To bundle or not to bundle: Fabric or Databricks for completeness of Data Analytics platform?

Bundled product offerings in the retail and enterprise are standard these days. While the simplicity of such offerings is enticing for customers, once the usage matures and increases in scale, customers often find themselves saddled with technical and nontechnical debt and limited options to fight slow and steady price rises and to decouple the systems. In the long run, it’s rare to find customer satisfaction utilizing bundled services. A simple analogy in the retail space would be to look at customer behavior when they buy bundles with internet, Cable TV, and Phone services.  Often, once the initial promotional period ends, the cost of such services immediately doubles or even triples, with limited options to decouple and move on to better service providers.

Similar analogies exist in the enterprise data analytics space, and we will address two major contenders in this discussion: Databricks and Microsoft Fabric.

Introduction: Bundling of Services in Data Analytics

This article is intended to explore the constant pursuit of the idea of having a single, fully integrated data platform that can address most, if not all, data governance and management needs and how Databricks is not only a pioneer in this field but also the most mature and comprehensive platform to fulfill the requirements.


Over the last few decades, data has increased in volume, speed, and complexity. Several different terminologies have been coined to describe platforms trying to be all-encompassing, such as Data Warehouse, Big Data, Data Lake, Fabric, etc. Cloud computing emerged to make things even more challenging, and globally distributed data is now an everyday reality. Artificial intelligence has also become popular, and everybody is pursuing at least some type of large language model. How can any company manage such challenging scenarios?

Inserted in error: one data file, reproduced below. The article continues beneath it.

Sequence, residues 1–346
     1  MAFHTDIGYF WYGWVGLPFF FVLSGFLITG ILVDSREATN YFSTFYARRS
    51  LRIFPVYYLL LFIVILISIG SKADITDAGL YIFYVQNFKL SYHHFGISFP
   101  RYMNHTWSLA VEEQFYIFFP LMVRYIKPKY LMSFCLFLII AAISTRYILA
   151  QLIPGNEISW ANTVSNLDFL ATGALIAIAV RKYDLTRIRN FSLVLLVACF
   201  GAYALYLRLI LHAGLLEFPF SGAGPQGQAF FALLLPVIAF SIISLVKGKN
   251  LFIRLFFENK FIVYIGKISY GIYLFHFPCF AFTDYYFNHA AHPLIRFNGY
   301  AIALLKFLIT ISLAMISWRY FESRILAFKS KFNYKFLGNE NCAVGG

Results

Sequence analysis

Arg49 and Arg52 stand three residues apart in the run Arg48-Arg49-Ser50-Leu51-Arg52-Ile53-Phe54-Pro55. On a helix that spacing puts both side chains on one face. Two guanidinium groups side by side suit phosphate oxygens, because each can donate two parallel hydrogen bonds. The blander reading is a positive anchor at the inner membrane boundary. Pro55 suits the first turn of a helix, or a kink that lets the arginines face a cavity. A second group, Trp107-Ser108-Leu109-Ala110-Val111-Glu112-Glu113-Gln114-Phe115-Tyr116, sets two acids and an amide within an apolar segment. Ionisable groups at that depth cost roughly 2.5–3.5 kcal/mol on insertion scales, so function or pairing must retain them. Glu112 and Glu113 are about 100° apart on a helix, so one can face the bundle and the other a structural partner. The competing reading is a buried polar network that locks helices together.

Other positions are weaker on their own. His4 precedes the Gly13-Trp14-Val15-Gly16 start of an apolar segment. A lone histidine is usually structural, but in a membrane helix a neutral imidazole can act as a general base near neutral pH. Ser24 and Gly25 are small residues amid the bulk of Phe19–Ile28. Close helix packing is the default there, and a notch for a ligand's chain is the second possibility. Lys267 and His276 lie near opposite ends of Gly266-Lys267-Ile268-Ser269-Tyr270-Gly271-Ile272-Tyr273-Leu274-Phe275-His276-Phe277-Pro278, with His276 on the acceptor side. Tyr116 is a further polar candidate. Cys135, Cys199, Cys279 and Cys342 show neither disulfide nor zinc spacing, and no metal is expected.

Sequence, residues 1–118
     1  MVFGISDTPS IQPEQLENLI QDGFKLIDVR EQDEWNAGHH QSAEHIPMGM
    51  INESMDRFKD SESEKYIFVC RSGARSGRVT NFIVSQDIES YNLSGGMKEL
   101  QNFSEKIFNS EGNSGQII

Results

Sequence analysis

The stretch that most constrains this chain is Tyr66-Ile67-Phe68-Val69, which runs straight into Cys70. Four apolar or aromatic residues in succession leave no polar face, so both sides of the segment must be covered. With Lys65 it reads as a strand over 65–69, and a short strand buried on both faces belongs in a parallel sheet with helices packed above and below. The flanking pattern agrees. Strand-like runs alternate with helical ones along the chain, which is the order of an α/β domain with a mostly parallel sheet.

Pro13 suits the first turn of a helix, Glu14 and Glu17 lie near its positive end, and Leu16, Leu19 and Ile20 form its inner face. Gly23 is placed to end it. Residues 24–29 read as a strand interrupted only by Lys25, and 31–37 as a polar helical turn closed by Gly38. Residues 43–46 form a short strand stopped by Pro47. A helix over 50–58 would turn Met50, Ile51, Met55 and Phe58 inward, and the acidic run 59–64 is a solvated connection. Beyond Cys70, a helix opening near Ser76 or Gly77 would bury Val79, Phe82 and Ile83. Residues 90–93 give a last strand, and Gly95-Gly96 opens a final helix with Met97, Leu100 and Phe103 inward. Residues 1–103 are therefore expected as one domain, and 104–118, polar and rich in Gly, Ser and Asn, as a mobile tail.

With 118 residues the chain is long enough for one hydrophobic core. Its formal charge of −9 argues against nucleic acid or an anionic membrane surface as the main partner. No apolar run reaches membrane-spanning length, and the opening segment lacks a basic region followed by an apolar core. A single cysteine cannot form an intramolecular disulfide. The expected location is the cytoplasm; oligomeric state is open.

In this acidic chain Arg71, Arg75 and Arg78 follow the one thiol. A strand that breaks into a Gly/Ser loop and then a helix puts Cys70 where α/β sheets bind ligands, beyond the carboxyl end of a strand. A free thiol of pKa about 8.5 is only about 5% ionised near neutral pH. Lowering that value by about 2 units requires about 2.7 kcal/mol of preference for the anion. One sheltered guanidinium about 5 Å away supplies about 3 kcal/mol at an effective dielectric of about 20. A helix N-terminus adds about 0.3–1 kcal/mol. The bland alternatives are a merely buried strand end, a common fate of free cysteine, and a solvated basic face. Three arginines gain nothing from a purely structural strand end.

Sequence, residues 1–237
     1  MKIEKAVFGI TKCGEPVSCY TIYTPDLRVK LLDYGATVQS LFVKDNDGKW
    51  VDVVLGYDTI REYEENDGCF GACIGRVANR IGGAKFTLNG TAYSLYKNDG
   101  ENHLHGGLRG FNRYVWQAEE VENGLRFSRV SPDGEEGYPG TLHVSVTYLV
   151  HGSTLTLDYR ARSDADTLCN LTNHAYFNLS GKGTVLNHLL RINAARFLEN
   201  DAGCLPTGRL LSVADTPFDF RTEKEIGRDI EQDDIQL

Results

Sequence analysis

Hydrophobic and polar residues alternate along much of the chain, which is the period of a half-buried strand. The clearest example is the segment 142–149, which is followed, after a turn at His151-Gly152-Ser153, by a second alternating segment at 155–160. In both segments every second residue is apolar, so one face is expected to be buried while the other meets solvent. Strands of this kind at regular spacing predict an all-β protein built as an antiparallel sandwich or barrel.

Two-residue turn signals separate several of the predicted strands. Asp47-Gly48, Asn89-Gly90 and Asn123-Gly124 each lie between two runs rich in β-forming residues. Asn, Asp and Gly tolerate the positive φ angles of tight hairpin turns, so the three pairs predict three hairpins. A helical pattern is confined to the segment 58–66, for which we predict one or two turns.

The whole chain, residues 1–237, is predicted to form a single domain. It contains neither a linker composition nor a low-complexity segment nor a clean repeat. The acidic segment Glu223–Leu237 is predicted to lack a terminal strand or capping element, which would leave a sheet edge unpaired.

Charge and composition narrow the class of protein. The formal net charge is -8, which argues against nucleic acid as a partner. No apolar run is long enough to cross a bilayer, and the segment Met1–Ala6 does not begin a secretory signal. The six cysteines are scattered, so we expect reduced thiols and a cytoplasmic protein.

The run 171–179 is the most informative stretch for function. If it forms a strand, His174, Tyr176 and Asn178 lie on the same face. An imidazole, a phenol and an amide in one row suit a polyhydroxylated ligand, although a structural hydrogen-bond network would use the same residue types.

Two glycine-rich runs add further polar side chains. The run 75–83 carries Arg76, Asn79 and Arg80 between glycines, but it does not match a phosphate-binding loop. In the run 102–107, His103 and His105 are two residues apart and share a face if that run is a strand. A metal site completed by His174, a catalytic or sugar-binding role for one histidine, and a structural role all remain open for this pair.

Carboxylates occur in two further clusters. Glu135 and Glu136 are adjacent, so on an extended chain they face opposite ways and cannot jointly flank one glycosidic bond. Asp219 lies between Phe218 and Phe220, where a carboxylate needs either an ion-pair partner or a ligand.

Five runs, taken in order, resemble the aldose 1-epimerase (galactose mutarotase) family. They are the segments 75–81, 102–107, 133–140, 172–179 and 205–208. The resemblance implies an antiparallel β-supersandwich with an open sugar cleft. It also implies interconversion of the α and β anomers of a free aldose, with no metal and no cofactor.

The only way to embrace the challenge is to embrace it fully. In 2018, Databricks introduced its Unified Platform, which was later followed by the official implementation of the "Lakehouse" paradigm. The article was published in collaboration with UC Berkeley and Stanford University. It describes an environment encompassing existing data technologies and extending them into Artificial Intelligence (AI) and machine learning (ML). Moreover, the paradigm was designed to be multicloud and scalable.

In our industry, completeness of vision and ability to execute are critical for companies to achieve results with reduced friction/risk and obtain results more quickly and efficiently. That's the vision guiding Databricks’ roadmap for a long time and its commitment to deliver a seamlessly integrated environment, which is by no means an easy task. Unlike competitors who repackage and rebrand existing products, Databricks realized it had to innovate and create new technologies from the ground up to address the constant growth of data management complexities.

Comparing Analytics Platforms in a Data-Driven World

In today’s data-driven world, choosing the right analytics platform can significantly affect your organization’s efficiency due to the velocity of changes in platforms and technologies to address scalability, security, and simplicity of cohesive programming tools to support and address constantly changing business needs. The advent and maturity of big data frameworks were critical to processing large amounts of raw structured and unstructured data and storing them in a unified data lake storage for consumption by both BI and ML/AI workloads. The usage volumes have leapfrogged traditional relational data warehouse platforms for their agility, but not without data security challenges and governance issues. The biggest challenge is retraining existing talent in the development communities to address new programming paradigms.